Male’, Maldives – Ministry of Environment has added five locations in Lhaviyani atoll (Faadhippolhu atoll)to the protected areas list of Maldives and gazetted the details of the five areas.
Ministry said that this decision was taken under the Environmental Protection and Preservation Act of Maldives (Law No. 4/93) subsection 4 which stipulates that The Ministry shall identify places and things that have to protected, formulate regulations and enforce them to preserve such in their natural or original form.
The newly protected areas are;
- Maagandu Thila (Anemone Thila) Region
This is an area located around the center of the atoll towards to the north where great numbers of soft and hard Anemone can be seen. This is also one of the few areas in the world where such high numbers of Anemone can be seen together. The most common Anemone which can be seen from this area is recorded to be the magnificent sea anemone (Heteractis magnifica).
In addition to this numerous numbers of corals, sharks and turtles can be observed in this area and 27 families of reef fish have been recorded in this specific area. This area has been protected as a category 6: Species/ Habitat management area.
- Sehlhifushi and Hiriyadhoo Region
These two regions are a part of the biggest uninhabited island in the atoll which has been divided in to 5 islands for administrative purposes. Sehlhifushi and Hiriyadhoo are the two most northern parts of this island. Historical records show that these islands were previously separate five islands, but due to the changes in current within the lagoons the islands geography change frequently. One of the most noticeable parts in this area is the bay area which has unique environmental features. The bay area is a marine nursery which is used by various marine animals to hatch and grow.
In addition to this the lake in the island has 19 types of plants which grow around it. Also the “Kaheruva” plants which grow in this area are rarely found in Maldives and need to be grown more. This area is also a turtle nesting location and sea birds also come to rest and also has many areas to nest in the island. This area has been protected at category 7: protected area with sustainable use.
- Maakoa island
This uninhabited island is known for the high number of large crabs and lizards which live on the island within the dense lush vegetation. This island is also known for the fresh water lake in which a huge number of milk fish breed. Also numerous mangroves are observed in the wetland areas. The lake in the island provides protection from erossion and acts as a carbon sink and adds on to the natural beauty of the island. In addition to this, migratory birds such as greater flamingo (Phoenicopterus roseus) have been known to breed in this island. Other 11 types of migratory birds have also been seen in the island and 2 types of sea birds. This area has also been protected at category 7: protected area with sustainable use.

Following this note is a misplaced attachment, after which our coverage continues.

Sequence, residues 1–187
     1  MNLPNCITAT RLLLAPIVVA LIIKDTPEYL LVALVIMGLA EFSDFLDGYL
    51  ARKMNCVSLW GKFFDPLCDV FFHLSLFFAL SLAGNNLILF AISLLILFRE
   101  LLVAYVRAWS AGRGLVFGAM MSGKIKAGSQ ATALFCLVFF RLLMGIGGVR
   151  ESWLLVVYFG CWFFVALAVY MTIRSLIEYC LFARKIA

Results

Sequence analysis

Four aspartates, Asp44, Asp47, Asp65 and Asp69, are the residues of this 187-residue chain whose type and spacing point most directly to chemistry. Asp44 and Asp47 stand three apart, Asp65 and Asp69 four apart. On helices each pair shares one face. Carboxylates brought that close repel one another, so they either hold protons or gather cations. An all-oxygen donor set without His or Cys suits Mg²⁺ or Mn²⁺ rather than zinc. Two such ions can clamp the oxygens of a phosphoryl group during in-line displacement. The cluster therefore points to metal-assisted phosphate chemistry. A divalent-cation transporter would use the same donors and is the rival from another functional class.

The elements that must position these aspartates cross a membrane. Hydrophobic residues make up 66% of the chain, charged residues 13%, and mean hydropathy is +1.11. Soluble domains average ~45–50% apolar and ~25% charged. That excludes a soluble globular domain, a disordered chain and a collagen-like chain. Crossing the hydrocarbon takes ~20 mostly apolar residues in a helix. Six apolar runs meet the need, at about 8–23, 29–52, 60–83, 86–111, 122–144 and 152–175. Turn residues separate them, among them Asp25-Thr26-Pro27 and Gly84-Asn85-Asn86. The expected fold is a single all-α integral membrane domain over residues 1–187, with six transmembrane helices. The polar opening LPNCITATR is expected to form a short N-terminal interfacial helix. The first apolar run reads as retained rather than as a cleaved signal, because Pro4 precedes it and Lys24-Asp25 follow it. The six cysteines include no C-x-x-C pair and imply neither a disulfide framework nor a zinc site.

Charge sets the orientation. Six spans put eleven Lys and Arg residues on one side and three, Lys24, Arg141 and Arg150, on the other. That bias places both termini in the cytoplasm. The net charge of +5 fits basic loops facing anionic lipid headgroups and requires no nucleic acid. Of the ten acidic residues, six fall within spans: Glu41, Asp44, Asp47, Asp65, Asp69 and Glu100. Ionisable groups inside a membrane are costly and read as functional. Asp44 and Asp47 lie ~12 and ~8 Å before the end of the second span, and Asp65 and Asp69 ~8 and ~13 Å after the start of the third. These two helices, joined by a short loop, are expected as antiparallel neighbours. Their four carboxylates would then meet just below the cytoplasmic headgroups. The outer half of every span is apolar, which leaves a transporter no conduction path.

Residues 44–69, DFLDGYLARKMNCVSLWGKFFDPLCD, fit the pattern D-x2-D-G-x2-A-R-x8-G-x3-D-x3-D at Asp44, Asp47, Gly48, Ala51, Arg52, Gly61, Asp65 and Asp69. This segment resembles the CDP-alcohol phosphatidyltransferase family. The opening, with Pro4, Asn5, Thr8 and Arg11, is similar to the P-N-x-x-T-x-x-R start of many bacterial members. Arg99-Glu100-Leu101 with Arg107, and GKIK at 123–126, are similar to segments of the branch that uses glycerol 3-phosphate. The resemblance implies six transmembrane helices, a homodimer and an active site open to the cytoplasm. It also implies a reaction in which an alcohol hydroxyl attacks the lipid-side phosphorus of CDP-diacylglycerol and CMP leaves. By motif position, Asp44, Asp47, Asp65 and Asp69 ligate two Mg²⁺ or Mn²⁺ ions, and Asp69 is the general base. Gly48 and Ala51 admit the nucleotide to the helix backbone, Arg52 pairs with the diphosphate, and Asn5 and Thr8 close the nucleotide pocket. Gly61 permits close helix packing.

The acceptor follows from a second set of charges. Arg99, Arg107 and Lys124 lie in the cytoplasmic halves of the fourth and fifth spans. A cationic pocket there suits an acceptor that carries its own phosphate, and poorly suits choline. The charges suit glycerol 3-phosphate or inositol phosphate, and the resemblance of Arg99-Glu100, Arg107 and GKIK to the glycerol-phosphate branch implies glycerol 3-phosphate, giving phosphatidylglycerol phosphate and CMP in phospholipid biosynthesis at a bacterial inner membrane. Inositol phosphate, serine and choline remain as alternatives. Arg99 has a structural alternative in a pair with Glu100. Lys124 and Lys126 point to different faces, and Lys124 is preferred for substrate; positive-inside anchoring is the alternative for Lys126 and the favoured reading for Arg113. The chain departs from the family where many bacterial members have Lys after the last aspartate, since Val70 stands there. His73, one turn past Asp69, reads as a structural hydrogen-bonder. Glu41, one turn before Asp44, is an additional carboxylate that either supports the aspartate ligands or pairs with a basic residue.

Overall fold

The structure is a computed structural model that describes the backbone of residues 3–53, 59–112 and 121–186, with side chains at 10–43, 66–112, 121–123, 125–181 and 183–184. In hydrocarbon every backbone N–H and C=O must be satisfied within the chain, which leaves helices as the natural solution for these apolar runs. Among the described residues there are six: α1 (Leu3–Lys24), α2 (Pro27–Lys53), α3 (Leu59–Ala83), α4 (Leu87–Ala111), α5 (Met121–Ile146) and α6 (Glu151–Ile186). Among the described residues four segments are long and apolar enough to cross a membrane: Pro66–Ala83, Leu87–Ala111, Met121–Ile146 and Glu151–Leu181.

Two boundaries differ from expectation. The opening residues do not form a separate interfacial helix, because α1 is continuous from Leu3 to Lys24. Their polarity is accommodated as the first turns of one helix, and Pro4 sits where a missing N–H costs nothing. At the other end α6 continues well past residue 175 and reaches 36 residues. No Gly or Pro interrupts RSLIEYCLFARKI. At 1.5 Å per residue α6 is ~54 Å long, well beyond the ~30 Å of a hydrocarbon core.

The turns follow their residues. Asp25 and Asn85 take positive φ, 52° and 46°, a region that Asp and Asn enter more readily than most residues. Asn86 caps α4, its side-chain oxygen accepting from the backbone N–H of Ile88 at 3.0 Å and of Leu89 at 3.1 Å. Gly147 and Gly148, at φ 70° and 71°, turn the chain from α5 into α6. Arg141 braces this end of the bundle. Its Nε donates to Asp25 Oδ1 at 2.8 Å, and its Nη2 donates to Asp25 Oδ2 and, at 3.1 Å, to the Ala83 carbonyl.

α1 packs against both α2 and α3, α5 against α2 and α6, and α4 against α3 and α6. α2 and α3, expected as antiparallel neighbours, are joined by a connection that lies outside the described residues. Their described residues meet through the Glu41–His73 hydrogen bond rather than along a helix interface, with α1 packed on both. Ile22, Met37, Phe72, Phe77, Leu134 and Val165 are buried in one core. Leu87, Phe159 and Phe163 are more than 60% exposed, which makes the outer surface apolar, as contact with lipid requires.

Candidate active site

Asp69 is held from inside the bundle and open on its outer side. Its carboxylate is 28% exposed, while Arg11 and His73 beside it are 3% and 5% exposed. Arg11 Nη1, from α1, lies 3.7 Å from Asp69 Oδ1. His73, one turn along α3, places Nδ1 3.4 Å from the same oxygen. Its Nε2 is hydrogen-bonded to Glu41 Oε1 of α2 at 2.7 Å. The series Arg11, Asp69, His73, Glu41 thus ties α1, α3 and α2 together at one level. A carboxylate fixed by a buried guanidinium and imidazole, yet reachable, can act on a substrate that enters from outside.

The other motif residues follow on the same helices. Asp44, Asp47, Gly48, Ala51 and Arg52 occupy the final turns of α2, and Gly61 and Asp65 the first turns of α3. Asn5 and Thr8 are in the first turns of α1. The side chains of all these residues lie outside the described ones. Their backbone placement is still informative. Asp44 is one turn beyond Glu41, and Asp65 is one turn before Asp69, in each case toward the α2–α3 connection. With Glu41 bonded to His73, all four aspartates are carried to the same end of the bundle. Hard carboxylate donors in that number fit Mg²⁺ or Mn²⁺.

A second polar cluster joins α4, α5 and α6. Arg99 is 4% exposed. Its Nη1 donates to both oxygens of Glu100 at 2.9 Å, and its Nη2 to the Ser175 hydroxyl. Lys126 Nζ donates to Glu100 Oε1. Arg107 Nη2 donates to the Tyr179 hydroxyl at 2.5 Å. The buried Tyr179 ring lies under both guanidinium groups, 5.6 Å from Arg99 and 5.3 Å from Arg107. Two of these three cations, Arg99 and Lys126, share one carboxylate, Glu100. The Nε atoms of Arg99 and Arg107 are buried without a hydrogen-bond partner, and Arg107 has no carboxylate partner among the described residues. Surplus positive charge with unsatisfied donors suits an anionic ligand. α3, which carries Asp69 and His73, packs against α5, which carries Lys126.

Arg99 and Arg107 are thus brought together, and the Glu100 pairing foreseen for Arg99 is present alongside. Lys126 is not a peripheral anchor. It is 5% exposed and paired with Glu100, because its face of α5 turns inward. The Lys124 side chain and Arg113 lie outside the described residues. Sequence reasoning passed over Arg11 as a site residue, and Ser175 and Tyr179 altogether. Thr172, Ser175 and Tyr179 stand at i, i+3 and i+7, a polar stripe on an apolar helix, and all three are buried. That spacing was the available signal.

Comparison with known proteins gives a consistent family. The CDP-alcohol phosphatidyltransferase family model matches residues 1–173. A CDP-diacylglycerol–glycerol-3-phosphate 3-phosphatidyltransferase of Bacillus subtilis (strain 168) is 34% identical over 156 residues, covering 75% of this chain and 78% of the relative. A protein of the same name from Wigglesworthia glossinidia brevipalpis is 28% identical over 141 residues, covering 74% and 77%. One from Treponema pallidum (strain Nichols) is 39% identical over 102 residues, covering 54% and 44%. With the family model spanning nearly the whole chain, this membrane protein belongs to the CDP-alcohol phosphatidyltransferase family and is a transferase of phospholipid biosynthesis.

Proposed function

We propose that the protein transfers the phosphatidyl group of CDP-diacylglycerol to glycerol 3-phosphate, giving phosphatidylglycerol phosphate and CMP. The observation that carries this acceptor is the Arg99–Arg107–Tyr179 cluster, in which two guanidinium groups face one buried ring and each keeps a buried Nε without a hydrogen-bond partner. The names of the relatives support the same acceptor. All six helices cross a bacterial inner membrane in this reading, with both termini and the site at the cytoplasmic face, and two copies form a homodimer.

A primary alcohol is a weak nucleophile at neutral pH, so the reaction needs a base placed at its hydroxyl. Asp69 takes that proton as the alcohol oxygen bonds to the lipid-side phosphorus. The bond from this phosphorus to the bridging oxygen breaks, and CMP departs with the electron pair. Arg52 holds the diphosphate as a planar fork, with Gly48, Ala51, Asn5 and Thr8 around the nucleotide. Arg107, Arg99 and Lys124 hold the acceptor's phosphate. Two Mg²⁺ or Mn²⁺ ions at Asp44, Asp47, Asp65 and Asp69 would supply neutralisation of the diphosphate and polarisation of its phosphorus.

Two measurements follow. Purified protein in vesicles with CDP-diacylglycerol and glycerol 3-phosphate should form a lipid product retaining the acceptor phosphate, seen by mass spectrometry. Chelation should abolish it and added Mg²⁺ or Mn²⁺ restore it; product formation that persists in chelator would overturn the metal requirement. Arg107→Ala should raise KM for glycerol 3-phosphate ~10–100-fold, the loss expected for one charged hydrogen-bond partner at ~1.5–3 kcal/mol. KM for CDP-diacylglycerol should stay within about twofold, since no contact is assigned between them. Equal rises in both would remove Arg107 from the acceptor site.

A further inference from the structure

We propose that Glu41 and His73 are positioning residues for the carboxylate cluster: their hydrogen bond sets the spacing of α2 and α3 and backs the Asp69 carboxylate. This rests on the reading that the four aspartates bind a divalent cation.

- Vavvaru island, Dhandifalhu sandbank and Dhandifalhu channel
Vavvaru is an uninhabited island in the atoll which is south of Naifaru island. The reef around the island is rich in marine life which includes numerous soft corals and rarely seen Yellow Mouthed Moray Eel is observed. In addition to this the reef is abundant with rays, turtles and tuna while the caves, overhangs of the reef and purple corals add to the richness of this area. The sandbank known as Dhandifalhu Finolhu is a common area for sea birds to nest and lay eggs and also known to be a nursery for marine animals.
The channel between the Vavvaru island and Dhandifalhu sandbank is also diverse in marine life where rare sea animals and corals can be observed. Gorgonian Sea Fan are also seen in great numbers in this area. Rays, sharks, turtles, groupers and barracudas are also seen in abundance in this channel. This area has also been protected as a category 6: Species/ Habitat management area.
- Dhashugiri Finolhu (sandbank)
This is a considerably large sandbank which rarely gets affected by seasonal climate changes and sea birds are commonly observed on the sandbank. As numerous sea birds come to rest and nest on this sandbank, it has been deemed important to protect the sandbank in order to give protection to the birds which come to this sandbank. This sandbank has been protected at category 2: strict nature reserve area.
With the new five areas which have been declared as protected in this atoll, it brings the total protected areas to seven including the Fushithila area which was protected on September 27, 1995, while Kuredhoo reef and lagoon (Kureddhoo express) area, were declared as a protected on October 21, 1999.
It is one of the governments pledges to have a minimum of one island, one reef and one mangrove area declared as protected in each atoll of the Maldives. Under the first phase of this project, the government has gazetted 11 locations from Thiladhunmathi (HA atoll, HDh atoll, Shaviyani Atoll and Noonu Atoll) and the North East reef area of Fuvahmulah as protected areas under the Environment Protection Act.